Is public market annuities annihilation justified?

Ashley Wassall

I can admit it: I was wrong.

In my three years as editor of FTAdviser, during which time I had covered three budgets and three Autumn Statements, I had yet to experience an occasion where the frenetic nature of the day was matched in genuine “game changing” announcements from the ballot box.

In my live blog preamble I openly derided what I have come to perceive as an overly-portentous piece of the political landscape. Boy, was I about to eat my words.

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At around 1.20pm yesterday (19 March), chancellor George Osborne shook the pension industry to its complacent foundations. In the words of some commentators, in a few short minutes he “killed the annuities market”.

In what was to be the climax of his speech he announced a package of immediate changes to the drawdown regime to increase income limits under capped drawdown to 150 per cent of equivalent annuity rates, and offer the unlimited ‘flexible drawdown’ option to anyone that can prove a less onerous guaranteed annual income minimum of £12,000.

He also boosted the trivial commutation limit to allow people with up to £30,000 to cash in their pension, and the amount an individual can take as as a one-off cash payment from £2,000 to £10,000.

Moreover, from next year - subject to consultation - savers will be able to access all of their pension with only a marginal tax charge above the already tax-free amount, reducing the cost for many from 55 per cent to 20 per cent.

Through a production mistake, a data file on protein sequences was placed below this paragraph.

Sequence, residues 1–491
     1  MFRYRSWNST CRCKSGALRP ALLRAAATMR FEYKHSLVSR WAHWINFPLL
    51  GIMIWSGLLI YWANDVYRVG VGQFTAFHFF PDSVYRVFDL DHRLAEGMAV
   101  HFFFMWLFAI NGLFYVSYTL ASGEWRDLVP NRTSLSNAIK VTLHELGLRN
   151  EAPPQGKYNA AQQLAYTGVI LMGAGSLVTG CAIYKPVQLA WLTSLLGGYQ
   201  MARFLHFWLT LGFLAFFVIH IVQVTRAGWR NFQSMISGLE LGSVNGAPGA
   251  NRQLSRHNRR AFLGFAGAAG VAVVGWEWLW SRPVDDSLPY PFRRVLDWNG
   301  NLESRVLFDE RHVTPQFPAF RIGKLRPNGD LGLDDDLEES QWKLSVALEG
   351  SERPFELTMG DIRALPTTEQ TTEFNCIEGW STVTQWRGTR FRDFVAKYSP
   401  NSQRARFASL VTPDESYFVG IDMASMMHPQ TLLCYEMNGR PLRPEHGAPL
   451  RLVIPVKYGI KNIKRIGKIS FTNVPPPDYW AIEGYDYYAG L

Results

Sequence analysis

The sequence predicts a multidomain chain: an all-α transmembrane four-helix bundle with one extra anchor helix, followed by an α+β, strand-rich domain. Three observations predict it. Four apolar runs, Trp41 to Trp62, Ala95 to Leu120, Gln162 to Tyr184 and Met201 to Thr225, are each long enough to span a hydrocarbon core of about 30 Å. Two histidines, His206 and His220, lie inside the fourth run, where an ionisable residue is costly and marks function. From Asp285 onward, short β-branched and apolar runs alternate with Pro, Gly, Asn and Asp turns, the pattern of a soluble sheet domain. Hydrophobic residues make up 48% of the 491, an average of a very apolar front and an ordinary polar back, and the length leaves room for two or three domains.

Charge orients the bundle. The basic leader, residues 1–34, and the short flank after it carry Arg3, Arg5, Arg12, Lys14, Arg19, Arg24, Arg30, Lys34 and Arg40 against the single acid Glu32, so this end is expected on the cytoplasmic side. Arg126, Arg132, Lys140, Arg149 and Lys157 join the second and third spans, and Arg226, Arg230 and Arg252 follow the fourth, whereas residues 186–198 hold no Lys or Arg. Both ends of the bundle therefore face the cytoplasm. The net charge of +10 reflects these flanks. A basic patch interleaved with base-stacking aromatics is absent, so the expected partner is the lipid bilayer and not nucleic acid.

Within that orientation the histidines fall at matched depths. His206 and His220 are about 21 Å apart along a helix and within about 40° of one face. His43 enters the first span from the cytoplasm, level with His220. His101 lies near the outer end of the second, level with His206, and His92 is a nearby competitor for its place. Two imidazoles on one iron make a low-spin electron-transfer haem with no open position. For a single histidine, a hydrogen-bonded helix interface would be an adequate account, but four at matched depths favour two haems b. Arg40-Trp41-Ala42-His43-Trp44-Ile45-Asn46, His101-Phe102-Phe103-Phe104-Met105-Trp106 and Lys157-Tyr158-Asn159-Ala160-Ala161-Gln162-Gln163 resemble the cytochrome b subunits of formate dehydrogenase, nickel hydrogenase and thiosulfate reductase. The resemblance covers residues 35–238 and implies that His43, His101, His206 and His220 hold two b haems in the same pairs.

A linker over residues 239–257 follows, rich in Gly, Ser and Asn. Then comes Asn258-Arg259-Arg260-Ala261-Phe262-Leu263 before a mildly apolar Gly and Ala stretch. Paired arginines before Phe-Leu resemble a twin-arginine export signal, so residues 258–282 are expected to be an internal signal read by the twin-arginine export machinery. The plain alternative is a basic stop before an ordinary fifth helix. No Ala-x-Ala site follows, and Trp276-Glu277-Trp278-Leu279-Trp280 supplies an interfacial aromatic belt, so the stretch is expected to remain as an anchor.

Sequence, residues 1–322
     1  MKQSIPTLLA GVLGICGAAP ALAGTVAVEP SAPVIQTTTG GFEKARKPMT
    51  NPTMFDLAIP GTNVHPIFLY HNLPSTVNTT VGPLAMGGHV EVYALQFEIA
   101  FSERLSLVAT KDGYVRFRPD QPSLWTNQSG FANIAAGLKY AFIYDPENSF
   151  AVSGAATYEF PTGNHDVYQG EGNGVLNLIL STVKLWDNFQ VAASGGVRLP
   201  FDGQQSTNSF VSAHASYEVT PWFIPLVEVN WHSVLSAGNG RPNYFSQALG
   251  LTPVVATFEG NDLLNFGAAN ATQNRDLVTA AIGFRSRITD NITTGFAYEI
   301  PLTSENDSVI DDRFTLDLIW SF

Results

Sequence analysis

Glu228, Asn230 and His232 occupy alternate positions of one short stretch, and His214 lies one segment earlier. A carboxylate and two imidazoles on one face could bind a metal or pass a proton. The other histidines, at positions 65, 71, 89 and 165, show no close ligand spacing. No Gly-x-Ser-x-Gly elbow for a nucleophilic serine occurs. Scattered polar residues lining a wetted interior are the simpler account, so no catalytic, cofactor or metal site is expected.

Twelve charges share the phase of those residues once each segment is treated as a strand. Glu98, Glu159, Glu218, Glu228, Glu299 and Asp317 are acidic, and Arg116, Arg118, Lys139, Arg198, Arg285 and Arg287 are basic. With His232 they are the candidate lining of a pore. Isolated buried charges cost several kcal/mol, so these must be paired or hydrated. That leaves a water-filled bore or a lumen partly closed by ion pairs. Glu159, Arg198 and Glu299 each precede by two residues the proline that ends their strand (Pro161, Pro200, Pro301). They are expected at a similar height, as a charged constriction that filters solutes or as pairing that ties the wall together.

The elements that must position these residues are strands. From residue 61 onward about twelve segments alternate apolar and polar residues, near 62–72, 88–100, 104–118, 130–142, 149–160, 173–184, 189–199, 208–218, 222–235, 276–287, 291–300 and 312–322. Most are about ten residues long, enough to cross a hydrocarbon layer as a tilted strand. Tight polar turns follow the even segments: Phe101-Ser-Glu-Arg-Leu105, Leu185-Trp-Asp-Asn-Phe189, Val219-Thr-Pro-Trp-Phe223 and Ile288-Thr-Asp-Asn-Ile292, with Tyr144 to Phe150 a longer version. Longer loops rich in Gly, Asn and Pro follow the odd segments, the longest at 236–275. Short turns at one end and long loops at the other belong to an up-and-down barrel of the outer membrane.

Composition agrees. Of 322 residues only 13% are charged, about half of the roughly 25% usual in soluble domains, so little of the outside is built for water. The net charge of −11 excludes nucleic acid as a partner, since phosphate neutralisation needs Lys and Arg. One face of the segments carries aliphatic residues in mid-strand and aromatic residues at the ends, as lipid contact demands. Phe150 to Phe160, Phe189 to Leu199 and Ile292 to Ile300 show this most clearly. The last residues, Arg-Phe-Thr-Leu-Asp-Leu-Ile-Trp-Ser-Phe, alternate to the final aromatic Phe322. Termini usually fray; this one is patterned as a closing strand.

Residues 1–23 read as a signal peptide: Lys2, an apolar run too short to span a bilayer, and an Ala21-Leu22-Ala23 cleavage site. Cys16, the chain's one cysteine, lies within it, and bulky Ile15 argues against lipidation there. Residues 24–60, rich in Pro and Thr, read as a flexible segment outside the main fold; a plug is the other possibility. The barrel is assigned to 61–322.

He said boldly: “No caps. No drawdown limits. Let me be clear: no one will have to buy an annuity.”

Contrary to the ‘leaks’ that dominate the lead up to the Budget and mean we know most of what will be announced, this had been kept watertight. The reaction was one of sheer shock; on the opposition benches, in this newsroom, and most importantly on public markets.

In one hour, six companies listed on the London Stock Exchange that are big in the annuities market had lost £3.2bn in value. The sell-off continued to the end of the day as providers shed some £4bn overall.

Those firms that only sell annuities were worst hit, with enhanced annuities specialist Partnership hit by panic-selling that saw its share price plummet 55 per cent and its value drop £700m. It’s rival Just Retirement lost a third of its value in a £529m sell-off.

Larger life firms were hit too: Legal and General lost a staggering £1.1bn, Prudential £700m, Aviva £550m, Standard Life £260m and Friends Life-owner Resolution £230m.

As at 11.30am today, only one of the above was properly showing an increase: Legal and General was up 1 per cent. Partnership and Just Retirement were down a further 10 per cent and 6 per cent respectively.